14 BEST PRACTICES IN LEADERSHIP DEVELOPMENT AND ORGANIZATION CHANGE • Senior leadership commitment to APEX. In the last two years, from 2001 to 2003, the technology sector has suffered its worst downturn in recent history. Agilent’s APEX program stands as a visible demonstration by senior leadership of their continuing commitment to developing leaders by sponsoring execu- tive and personal development even in a difﬁcult market climate. Many “high- proﬁle” senior leaders were early APEX adopters, and they inspired many more leaders to enroll in the program. • Personal commitment of Agilent leaders. The majority of APEX participants have displayed a high level of personal commitment to self-development as displayed through their respective individual coaching partnerships. The APEX program has experienced a very low percentage of participants becoming dis- interested or dropping out; most participants enjoy favorable feedback from mini-surveys administered at the program’s conclusion. The investments being made in personal development pay dividends for most APEX participants over time. • Worldwide scope of APEX. A key challenge in the development of the pro- gram was locating and retaining high-level coaches internationally who are will- ing to work under the results-guarantee clause. Early difﬁculties have since been overcome in developing an international network of qualiﬁed coaches willing to work within the performance-guarantee clause. Prior to this, some coaches traveled internationally to deliver APEX coaching services. • APEX target audience. Since its inception, APEX has been and remains a developmental tool targeting high-performing or high-potential Agilent execu- tives. It is not intended to serve as a remedial process for an underperforming executive or as a performance-assessment program. APEX candidates are ﬁrst screened by Agilent’s Leadership Development Group to ensure that APEX is a good ﬁt. • Coach follow-up with feedback raters. APEX coaches keep in regular con- tact with a leader’s key stakeholders. Coaches want to know whether the leader’s new behaviors are being noticed by their raters. The only APEX assign- ment to go full term without achieving successful results had a coach who was out of touch with the raters and did not recognize their continual dissatisfac- tion with the leader. Because raters are “customers” in the process, coaches reg- ularly communicate with them. • Coach mismatches. The possibility of coach mismatches appears to have been addressed and minimized. Participants starting in the APEX program receive biographies of up to four A4SL C&C coaches within their geographic area. Executives then contact and screen from this set of prospective coaches, and ultimately select their coach. By allowing executives to largely self-select, the APEX experience has yielded very few mismatches. In those very few instances in which a mismatch has surfaced, alternative coaches have been made available.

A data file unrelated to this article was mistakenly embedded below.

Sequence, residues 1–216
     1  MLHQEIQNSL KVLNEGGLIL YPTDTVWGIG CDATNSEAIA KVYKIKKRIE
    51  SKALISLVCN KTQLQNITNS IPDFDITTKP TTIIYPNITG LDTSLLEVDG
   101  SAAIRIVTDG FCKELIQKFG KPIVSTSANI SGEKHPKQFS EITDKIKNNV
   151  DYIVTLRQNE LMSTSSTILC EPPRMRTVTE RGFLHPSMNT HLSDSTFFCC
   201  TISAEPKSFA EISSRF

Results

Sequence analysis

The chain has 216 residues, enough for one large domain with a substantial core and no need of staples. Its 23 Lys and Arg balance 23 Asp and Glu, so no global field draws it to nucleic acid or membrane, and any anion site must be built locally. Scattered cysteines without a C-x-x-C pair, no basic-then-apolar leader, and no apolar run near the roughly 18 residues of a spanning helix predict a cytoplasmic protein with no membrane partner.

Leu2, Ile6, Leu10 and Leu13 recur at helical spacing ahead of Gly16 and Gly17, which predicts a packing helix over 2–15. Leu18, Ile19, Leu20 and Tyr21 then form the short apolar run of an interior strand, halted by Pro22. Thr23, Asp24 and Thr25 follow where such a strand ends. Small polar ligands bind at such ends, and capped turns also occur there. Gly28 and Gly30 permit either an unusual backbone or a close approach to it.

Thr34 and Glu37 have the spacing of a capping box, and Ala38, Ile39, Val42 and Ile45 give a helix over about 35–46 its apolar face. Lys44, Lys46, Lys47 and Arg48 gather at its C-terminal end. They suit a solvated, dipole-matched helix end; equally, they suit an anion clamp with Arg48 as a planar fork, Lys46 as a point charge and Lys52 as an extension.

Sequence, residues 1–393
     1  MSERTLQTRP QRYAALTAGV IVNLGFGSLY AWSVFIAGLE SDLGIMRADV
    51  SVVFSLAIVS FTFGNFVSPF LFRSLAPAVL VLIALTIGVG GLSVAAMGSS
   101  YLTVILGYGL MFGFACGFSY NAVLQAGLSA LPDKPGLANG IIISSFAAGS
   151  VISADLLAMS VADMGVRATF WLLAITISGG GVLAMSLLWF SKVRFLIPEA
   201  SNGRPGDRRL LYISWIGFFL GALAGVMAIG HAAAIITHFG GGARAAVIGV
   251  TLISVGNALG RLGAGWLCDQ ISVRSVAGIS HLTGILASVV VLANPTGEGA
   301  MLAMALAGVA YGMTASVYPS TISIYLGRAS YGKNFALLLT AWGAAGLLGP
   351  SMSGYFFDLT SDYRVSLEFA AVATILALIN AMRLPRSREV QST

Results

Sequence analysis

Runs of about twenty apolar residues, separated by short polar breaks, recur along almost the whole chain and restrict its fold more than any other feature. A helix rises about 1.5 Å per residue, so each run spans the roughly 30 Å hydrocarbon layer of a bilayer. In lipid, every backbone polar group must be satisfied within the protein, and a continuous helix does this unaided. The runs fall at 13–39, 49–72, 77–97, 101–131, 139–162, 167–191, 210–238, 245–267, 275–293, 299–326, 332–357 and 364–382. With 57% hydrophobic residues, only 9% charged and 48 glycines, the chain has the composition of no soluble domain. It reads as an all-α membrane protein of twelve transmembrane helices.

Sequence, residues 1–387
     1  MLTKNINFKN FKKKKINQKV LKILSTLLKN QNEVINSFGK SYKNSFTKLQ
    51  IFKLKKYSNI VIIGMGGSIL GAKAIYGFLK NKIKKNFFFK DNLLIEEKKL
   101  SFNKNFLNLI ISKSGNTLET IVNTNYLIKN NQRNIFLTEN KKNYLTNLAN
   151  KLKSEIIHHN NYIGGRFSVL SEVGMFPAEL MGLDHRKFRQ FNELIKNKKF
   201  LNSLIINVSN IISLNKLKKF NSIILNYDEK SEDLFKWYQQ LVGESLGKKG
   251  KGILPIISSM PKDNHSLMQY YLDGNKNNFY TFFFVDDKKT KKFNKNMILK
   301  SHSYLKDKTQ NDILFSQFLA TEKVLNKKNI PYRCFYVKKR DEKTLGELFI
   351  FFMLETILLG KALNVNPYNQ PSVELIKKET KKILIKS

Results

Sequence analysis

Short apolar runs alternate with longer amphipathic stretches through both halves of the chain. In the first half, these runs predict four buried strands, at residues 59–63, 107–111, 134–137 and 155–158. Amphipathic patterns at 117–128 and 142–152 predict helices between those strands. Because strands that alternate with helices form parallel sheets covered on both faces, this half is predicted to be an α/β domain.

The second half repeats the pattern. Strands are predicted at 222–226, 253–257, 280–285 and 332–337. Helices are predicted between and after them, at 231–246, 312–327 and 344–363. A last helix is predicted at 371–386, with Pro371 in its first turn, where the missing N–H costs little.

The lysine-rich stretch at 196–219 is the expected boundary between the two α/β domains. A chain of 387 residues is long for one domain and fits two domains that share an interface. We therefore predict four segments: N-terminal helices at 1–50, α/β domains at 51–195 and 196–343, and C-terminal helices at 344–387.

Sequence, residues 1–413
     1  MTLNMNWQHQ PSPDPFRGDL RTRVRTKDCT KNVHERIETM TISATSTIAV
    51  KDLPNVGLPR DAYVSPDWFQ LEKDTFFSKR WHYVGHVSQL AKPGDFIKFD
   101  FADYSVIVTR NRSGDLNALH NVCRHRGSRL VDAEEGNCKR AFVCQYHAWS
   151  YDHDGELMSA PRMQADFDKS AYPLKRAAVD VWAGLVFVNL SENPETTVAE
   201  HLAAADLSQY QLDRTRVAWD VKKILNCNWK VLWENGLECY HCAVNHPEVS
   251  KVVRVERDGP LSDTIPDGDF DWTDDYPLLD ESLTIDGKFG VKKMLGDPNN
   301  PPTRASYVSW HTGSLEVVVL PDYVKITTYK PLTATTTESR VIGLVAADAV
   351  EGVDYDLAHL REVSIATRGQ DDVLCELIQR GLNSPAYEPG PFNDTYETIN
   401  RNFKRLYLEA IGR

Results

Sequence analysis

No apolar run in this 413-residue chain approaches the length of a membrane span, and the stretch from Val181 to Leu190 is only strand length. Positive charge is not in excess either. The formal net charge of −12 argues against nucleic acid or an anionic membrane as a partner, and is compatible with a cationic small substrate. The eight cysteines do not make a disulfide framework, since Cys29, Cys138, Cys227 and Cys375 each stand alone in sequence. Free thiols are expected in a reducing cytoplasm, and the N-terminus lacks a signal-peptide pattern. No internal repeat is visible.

AGILENT TECHNOLOGIES, INC. 15 Exhibit 1.1. The Agilent Business Leader Inventory• Delivers superior market-driven performance Focuses externally on the customer Drives for results Models speed Models focus Models innovation• Practices active leadership Leads people Actively manages talent Models accountability Models trust, respect, and teamwork Models uncompromising integrity• Builds equity in the Agilent brand Practices strategic portfolio management Promotes a global brand Creates a boundaryless organization Exhibit 1.2. The Agilent Global Leadership Proﬁle• Delivers high-growth performance Focuses externally on the customer Drives for results Models speed Models focus Models accountability• Practices active leadership Leads strategy and change Actively develops self Actively manages talent Models uncompromising integrity Models innovation• Acts globally Creates a global organization Models trust, respect, and teamwork